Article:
Also, I’m as liable to be guilty of contradiction as anyone,
I see no shame in that.
Incidentally also said I’d never use guitar, but recently
did for the theme of a TV show I worked on, - but I did last
20 years without using one and doubt I will again !
I get the impression that the new album has been strongly
influenced by your work on movies, as it seems to have an almost
soundtrack like quality. Is their a mutual connection between
your film work and the Lustmord etc. releases or do you (try
to) keep these realms absolutely separate?
They’re totally separate, other than the fact that I use
the same tools and techniques. Conceptually they are very separate.
You said that you don't like the term dark ambient
for your music that much and I think you are absolutely right
as such a label doesn't do your sound justice. There is definitely
more in the Lustmord sound than just darkness. Yet I feel an
ever constant presence of disturbing and unsettling elements
in your work (e. g. "Blood deep in dread") Would
you agree and if yes what are the reasons for this?
To be honest, this question no longer interests me, I’ve
been asked it too many times.
I make no apology for darkness.
Why did you decide to close down Side Effects and where
will the announced releases (Monte Cazazza/The Cynic etc.)
It wasn’t fun anymore and it was time to move on.
I have no idea what Monte is going to do with The Cynic, I ask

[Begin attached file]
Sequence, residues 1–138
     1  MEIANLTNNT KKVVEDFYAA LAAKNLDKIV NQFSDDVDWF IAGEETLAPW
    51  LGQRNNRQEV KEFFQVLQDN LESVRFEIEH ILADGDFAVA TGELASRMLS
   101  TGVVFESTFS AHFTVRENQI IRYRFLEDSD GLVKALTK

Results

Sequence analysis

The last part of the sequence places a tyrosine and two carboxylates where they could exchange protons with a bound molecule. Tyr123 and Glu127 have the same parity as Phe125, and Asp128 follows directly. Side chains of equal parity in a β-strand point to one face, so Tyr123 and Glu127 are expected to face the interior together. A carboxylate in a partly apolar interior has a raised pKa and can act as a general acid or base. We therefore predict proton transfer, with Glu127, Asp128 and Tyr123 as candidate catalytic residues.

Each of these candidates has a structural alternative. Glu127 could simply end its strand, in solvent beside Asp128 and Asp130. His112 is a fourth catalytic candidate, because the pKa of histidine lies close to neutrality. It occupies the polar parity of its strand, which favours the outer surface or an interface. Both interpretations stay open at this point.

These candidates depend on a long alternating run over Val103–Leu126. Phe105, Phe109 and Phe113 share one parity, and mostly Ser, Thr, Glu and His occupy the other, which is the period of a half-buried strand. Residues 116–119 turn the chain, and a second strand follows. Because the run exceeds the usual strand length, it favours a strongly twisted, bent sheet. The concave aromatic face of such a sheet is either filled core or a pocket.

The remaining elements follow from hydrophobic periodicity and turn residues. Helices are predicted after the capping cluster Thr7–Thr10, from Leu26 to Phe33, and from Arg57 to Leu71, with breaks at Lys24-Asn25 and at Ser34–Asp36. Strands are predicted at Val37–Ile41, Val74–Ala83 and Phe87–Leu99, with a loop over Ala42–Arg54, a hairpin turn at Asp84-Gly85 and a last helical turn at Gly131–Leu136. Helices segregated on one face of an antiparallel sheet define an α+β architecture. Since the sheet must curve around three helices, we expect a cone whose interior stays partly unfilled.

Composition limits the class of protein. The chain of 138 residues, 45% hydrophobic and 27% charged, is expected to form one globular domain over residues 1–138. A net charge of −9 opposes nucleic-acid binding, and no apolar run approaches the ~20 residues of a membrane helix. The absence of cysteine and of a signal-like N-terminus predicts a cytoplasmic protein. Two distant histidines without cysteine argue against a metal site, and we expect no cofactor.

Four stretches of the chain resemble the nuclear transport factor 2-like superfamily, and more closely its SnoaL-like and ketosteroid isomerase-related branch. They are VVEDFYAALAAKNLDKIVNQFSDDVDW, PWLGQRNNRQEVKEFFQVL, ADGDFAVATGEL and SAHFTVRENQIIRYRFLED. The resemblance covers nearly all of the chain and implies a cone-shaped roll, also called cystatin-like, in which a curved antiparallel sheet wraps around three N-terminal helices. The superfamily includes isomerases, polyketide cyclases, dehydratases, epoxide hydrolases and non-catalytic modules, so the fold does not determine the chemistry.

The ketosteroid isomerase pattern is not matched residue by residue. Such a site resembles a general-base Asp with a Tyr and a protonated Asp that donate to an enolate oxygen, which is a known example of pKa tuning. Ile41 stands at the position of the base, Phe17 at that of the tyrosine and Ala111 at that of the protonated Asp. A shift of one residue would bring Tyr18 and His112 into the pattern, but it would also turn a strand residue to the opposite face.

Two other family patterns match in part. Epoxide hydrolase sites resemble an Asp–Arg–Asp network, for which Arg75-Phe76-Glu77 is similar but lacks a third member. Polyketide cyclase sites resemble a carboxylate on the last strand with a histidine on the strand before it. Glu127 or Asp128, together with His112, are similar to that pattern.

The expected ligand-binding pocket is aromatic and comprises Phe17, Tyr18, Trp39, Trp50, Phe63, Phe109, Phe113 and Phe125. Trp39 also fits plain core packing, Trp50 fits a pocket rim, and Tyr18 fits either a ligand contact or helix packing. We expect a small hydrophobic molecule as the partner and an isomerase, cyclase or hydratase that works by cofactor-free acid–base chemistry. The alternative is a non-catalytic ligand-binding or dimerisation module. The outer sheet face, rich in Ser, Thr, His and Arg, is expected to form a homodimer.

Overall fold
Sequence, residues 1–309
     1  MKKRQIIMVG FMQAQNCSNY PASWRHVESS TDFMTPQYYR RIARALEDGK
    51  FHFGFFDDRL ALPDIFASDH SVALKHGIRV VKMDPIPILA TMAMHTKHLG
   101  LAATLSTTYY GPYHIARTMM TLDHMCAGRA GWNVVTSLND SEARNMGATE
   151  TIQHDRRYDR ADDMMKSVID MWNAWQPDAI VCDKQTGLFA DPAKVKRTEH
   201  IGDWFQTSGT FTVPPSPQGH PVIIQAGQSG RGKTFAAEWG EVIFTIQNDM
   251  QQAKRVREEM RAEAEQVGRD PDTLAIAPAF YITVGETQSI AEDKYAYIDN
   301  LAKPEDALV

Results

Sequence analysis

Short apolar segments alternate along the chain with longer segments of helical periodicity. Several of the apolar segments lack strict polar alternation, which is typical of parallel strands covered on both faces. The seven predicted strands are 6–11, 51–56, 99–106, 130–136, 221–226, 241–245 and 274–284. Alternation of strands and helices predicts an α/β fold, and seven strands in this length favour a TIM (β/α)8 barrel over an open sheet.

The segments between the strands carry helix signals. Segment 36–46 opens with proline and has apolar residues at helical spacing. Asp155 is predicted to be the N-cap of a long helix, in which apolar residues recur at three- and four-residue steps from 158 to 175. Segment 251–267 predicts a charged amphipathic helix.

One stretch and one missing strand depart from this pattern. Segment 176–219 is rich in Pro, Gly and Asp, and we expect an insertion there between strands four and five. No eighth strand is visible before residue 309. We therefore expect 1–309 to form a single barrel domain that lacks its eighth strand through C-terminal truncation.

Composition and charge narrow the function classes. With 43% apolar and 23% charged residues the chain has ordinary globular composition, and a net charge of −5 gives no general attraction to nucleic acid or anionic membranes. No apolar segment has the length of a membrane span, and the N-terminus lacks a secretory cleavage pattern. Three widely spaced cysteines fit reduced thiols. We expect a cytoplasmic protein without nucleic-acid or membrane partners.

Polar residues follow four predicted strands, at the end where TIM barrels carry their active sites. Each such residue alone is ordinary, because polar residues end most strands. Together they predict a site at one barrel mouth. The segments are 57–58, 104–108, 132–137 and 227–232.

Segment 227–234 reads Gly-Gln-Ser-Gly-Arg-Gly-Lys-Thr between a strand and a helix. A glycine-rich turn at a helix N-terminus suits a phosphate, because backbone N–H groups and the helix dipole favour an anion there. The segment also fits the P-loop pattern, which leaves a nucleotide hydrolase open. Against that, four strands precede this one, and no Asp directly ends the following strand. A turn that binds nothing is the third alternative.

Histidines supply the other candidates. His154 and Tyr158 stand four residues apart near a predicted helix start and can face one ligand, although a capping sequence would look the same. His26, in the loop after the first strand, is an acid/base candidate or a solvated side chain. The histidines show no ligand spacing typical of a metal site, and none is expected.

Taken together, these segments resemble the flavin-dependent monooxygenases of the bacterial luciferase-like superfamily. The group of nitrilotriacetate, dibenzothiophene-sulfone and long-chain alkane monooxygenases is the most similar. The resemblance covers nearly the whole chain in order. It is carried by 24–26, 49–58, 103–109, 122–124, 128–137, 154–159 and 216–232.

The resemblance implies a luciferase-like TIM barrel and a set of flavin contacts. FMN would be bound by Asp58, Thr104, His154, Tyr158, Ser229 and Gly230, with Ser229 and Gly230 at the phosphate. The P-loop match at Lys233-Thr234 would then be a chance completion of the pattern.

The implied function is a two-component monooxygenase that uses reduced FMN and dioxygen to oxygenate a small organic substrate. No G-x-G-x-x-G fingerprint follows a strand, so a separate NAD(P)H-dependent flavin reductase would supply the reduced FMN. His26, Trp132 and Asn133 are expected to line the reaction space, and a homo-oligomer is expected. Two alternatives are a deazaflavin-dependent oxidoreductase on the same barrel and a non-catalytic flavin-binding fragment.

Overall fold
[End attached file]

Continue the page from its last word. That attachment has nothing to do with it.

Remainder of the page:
him about it from time to time, and he has no idea if he’ll
even finish it.
Why did you decide to change your label with the release
I liked the idea of releasing an album on a Eastern European
label for a change and Nextera are good people.
What can we expect from the future (the new Arecibo-album,
the new Lustmord album to the film that's based on Kafka's
"In the panel colony etc.)?
I’ve just finished a Lustmord album that is an extended
version of the music for Zoetrope (the short film you mentioned)
and am about to start work on music for a computer game. I’m
going to work with Rachael Kozak (Hecate) on a new project with
hard beats, and on a dub album with Twilight Circus.
You seem to be interested in remixing or rather reworking
other artists' material. Is this work of any inspiration for
your own music or does it serve as a kind of break from your
The music I listen to is very different from Lustmord, and is
I enjoy the opportunity to work with beats for remixes, and particularly
enjoy reinterpreting and deconstructing the work of others.
Have you ever thought of changing the name of your project
as is seems to be strongly rooted in the early industrial scene?
I’ve never thought of doing anything based on what others
This is who I am, that is where I’m from.